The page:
Scientists fly kites on Earth to study Mars
Scientists of the University of Arizona's Lunar and Planetary Laboratory have taken to kites that they fly above lava flows blanketing the Hawaiian landscape to unravel the past mysteries that shaped Mars. A kite, equipped with off-the-shelf instruments such as a camera, a GPS, and orientation sensors, scans the terrain from high above.
The team then employs parallel computing and powerful software algorithms to assemble tens of thousands of images into extremely detailed and accurate 3D digital terrain models.
In terms of studying volcanic landscapes, the project is unprecedented in its scope and in the quality of the data it produces, with a spatial resolution of approximately half an inch per pixel, according to the researchers. They will present their results and methodology at the 46th Lunar and Planetary Science Conference, which is held March 16-20 in The Woodlands, Texas.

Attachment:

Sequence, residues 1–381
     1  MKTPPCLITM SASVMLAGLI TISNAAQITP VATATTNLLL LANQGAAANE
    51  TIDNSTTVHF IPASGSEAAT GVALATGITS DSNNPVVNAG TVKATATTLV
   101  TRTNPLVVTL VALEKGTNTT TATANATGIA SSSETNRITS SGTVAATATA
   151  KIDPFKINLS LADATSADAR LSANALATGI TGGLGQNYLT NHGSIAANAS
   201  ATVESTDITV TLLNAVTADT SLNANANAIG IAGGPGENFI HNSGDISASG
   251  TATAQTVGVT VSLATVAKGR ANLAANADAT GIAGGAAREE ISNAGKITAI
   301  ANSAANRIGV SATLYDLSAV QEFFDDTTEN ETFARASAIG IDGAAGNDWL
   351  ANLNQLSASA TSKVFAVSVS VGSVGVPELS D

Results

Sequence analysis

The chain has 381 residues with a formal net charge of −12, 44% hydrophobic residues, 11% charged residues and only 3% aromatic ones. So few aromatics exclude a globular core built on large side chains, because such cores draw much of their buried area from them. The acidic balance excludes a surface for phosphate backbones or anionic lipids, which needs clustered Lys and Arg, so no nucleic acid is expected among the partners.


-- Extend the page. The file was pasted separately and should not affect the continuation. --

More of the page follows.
The insights gained from these terrain models are used to inform interpretations of images of the surface of Mars, taken with the HiRISE camera aboard NASA's Mars Reconnaissance Orbiter, which has been examining Mars with six instruments since 2006. Led by the UA, HiRISE stands for the High Resolution Imaging Science Experiment and has revealed never-before seen details of the Martian surface.
"The idea is to understand places we can't go by analyzing places we can go," said Christopher Hamilton, the principal investigator of the research team, who joined LPL in 2014 to establish a terrestrial analog research group. Hamilton studies volcanic surfaces on Mars to understand the thermal history of the red planet, in other words, how the planet's internal processes manifest on the surface.
"We can use geologically young and vegetation-free surface features here on Earth, such as Hawaiian lava flows, as terrestrial analogs that can provide us with insights into processes that shape other planets," he added. "Instead of just saying, 'this feature looks like X,' we try to develop diagnostics that help us recognize the actual processes that led to the formation of a certain feature."